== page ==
Biofuels vote includes Indirect Land Use Change

The European Parliament (EP) voted Wednesday to include what is called Indirect Land Use Change (ILUC) considerations in its biofuels targets. What effect will this have on the EU’s renewable energy, climate change and also on land use?

Photo by Ceridwen

This European Parliament vote means that the real climate impact, due to displacement of food production, will be taken into account in the EU’s biofuel targets and policies. A cap of 6% on land-based biofuels, including energy crops, has been adopted.

According to Terhi Lehtonen environment advisor Greens/EFA group: “This would be the minimum necessary to take real measures to tackle the climate, food security and other social impacts due to displacement of food production that is caused by EU biofuels policy.”

Lehtonen adds: “The EP vote also signalled to the markets that future investments should be on biofuels with low-ILUC risk and no food based fuels should be supported after 2020.”

How did the vote go? See votewatch here

Background

Biofuels are liquid fuels made mostly from crops which can be mixed with fossil fuels to run ordinary cars. They are made from corn, wheat,sugarcane or sugar beet in the case of ethanol, or oilseeds such as rapeseed, soy or palm oil in the case of biodiesel.

The EU’s Renewable Energy Directive established a mandatory target of 10% share for renewable energy in the transport sector. Concurrently, the Fuel Quality Directive was amended to include a mandatory target of a 6% reduction by 2020 in the greenhouse gas intensity of fuels used in road transport. The contribution of biofuels towards these targets is expected to be significant. The sustainability criteria and minimum greenhouse gas saving thresholds have not up to now taken into account the carbon stock impacts resulting from indirect changes in land use (ILUC).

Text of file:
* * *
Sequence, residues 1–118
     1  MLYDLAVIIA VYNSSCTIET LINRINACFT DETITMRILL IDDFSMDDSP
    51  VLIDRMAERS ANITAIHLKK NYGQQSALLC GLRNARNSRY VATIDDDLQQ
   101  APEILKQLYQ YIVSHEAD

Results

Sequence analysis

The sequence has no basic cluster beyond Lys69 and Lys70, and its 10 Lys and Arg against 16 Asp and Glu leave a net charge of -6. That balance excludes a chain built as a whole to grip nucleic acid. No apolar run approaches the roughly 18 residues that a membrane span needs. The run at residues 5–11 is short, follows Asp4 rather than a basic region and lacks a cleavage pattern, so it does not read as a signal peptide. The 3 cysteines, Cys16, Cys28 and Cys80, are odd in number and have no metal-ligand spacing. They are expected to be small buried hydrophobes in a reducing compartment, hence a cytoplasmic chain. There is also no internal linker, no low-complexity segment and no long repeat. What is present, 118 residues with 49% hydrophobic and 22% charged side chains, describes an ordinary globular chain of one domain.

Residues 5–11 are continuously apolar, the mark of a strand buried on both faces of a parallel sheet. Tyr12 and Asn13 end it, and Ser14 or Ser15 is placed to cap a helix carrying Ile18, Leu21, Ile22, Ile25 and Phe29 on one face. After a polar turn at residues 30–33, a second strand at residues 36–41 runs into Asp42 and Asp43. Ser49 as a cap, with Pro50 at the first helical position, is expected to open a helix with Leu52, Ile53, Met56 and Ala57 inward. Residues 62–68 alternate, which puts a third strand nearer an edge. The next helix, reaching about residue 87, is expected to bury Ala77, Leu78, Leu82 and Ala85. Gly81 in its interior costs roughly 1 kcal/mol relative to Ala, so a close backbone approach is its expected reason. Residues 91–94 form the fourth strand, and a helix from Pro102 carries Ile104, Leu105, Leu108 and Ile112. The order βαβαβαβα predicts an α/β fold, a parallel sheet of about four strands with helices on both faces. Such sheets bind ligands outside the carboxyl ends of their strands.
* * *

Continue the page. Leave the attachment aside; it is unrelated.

Irish independent MEP Nessa Childers, while welcoming the vote, said, “Today’s decision does not go far enough. Unfortunately, under current EU energy policy, crops will still be grown to fuel cars rather than feed people because too much land is being switched from conventional farming to producing raw material for biofuels. The Parliament approved a cap on the production of food-based biofuels and, while this is a step in the right direction, the battle will continue. We need to start phasing out first generation biofuels and making sure we are investing in genuinely sustainable renewable energy sources including non land based biofuels, electricity and cutting the EU’s consumption of energy overall.”

Denis Lopez (7, El Salvador) in school beside Sugar Cane Plantation. (c) Michelle Moore

EurActiv’s timeline:

11 Sept. 2013: New biofuels installations must meet a 60% greenhouse gas saving threshold

1 Dec. 2017: Biofuels installations in operation before 1 July 2014 must meet a greenhouse gas saving threshold of 35%

1 Dec. 2017: Biofuels installations in operation before 1 July 2014 must meet a greenhouse gas saving threshold of 35%

31 Dec. 2017: The Commission will submit a review of policy and best scientific evidence on ILUC to the European Parliament and Council

1 Jan. 2018: Biofuels installations in operation before 1 July 2014 must meet a greenhouse gas saviong threshold of 50%

1 Jan.  2020: Deadline for 10% of EU’s transport fuels to be sourced from renewable energies.

Thus, by 2020, the European Commission will not support further subsidies to biofuels unless they can demonstrate “substantial greenhouse gas savings”

Useful links

There is much debate and controversy over the ILUC and climate change impact of biofuels. For a good sum of the debate from all perspectives, see here (including comments)

For Oxfam’s perspective see here

For the Greens/European Free Alliance see here

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